For many theologians this might have made it difficult to accept finalism in nature and thus the belief in a God who creates the universe with a purpose. But paradoxically, indeterminism opened the door to thinking about special divine interventions in the world, which had previously seemed forbidden because of the rigid determinism with which classical physics was interpreted (in a hard deterministic conception miracles seemed unthinkable violations of physical laws).28. Determinism could in any case lead to the acceptance of a deistic version of creation (God as the first cause of a chain of absolutely necessary events). Thus Darwinism, which seemed to disqualify a divine teleological plan in the world of life, would not pose any difficulties for a theological view of nature, if one had recourse to God's provident interventions in the world. Thus, the attention of theologians shifted from the topic of creation to that of providence.29.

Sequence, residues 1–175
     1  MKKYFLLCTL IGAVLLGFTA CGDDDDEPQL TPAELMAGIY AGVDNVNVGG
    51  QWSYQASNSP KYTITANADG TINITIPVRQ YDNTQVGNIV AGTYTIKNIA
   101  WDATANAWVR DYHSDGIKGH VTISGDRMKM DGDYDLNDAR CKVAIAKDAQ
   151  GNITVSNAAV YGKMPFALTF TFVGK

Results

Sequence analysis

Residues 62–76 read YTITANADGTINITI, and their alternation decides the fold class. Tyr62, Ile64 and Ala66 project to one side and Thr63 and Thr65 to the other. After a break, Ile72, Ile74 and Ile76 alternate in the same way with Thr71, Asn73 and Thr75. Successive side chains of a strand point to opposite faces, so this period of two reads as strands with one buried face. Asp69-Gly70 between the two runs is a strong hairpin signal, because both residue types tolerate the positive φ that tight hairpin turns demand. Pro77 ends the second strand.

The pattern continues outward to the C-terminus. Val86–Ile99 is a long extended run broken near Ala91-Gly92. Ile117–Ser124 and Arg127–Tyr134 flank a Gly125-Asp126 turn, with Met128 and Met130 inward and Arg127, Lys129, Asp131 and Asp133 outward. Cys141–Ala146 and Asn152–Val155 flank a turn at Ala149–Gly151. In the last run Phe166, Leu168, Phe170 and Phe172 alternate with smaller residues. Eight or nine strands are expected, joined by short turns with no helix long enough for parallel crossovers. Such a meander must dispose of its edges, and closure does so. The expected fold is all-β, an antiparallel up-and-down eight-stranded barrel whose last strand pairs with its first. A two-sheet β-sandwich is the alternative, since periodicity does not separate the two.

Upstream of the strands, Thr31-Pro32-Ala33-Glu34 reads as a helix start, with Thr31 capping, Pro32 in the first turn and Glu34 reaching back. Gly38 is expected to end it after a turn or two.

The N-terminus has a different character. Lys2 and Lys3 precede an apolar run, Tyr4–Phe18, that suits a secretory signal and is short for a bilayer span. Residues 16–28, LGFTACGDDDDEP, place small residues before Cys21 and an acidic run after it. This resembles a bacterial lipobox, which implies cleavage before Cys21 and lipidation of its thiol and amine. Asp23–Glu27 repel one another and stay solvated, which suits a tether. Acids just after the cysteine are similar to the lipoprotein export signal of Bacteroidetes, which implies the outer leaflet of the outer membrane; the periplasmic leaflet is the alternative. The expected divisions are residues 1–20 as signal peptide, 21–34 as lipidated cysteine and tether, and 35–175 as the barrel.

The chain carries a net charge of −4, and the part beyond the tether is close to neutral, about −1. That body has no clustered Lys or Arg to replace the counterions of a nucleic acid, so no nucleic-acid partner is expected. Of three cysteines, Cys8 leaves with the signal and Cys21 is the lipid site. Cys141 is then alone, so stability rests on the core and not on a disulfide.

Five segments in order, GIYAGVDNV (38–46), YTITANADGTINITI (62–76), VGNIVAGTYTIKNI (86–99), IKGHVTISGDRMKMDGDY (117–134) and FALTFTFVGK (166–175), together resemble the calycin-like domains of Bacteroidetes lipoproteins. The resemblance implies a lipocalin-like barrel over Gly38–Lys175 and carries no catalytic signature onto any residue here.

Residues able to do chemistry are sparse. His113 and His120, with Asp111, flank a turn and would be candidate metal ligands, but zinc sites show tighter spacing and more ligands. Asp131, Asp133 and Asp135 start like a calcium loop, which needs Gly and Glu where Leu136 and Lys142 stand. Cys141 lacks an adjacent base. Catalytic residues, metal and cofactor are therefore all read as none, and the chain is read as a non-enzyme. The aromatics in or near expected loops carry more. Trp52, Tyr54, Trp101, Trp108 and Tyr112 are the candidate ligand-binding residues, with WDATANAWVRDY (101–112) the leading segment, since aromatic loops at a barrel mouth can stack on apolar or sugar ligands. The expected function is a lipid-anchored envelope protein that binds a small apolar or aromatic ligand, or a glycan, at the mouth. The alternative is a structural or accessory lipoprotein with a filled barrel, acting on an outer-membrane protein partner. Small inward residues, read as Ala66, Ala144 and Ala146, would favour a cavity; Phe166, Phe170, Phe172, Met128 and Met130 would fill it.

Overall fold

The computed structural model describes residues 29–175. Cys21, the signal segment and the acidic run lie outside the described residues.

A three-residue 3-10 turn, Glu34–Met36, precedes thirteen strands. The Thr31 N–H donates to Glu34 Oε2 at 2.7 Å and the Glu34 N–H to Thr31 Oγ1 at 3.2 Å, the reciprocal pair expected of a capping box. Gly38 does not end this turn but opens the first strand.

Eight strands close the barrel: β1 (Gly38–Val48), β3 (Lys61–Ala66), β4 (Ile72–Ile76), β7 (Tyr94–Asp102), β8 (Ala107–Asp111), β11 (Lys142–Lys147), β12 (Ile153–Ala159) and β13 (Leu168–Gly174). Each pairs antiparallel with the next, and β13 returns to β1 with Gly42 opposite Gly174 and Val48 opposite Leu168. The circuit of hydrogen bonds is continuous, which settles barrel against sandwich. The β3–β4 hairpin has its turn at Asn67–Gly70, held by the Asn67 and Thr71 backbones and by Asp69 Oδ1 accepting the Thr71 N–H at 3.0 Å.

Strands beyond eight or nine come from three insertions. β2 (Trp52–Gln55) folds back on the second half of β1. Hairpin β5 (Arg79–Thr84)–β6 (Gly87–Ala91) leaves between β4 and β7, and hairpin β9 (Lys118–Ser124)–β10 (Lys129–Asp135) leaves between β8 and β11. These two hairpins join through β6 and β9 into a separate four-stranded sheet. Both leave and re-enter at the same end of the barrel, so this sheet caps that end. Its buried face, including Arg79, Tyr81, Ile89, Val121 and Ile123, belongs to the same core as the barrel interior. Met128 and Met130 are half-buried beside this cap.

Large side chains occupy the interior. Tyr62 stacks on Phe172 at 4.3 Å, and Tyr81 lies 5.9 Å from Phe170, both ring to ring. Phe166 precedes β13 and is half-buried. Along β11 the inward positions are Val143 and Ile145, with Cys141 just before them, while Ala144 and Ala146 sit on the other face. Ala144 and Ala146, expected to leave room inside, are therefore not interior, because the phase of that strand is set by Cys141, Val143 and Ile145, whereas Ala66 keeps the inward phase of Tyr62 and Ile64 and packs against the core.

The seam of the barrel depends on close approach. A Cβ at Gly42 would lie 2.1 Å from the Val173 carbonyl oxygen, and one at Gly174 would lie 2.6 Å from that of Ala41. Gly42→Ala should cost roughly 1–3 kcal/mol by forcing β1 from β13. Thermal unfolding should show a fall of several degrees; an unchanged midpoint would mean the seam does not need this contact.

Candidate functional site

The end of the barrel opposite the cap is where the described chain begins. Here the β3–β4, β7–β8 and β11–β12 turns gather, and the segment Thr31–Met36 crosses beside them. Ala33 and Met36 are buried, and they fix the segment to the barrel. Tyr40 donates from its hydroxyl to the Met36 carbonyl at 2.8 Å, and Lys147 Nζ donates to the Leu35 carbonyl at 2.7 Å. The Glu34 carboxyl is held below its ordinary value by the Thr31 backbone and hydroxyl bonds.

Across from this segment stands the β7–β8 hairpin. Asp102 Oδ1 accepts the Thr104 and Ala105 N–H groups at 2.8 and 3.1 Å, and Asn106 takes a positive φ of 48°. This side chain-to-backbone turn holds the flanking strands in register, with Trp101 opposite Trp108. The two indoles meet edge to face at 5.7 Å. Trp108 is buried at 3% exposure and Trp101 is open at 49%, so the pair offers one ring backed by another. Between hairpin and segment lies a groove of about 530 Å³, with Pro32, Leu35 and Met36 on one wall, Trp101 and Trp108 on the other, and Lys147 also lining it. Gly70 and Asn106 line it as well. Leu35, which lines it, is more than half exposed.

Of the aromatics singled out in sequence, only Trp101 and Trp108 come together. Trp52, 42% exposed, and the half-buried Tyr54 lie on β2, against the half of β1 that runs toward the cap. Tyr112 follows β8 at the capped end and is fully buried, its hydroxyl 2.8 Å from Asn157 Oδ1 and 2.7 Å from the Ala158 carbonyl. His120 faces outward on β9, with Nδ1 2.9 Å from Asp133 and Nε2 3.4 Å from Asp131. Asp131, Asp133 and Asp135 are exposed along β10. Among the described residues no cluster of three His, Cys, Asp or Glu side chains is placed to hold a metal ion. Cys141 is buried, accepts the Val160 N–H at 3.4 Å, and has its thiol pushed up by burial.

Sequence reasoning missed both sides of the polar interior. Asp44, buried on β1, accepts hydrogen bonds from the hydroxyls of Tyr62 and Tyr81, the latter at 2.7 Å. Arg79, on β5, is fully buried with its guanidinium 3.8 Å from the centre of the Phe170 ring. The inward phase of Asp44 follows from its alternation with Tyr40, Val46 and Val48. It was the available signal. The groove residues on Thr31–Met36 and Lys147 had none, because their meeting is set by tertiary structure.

The scholars I consider in this paper generally try to find spaces of indeterminacy that would make possible a divine intervention in natural processes that would not be interventionist, i.e. that would not simply violate natural laws. Nor are they always opposed to this, but they see it as less congruent with God's wisdom, and they do not want to multiply miracles everywhere to explain how God can interfere in evolutionary processes.30.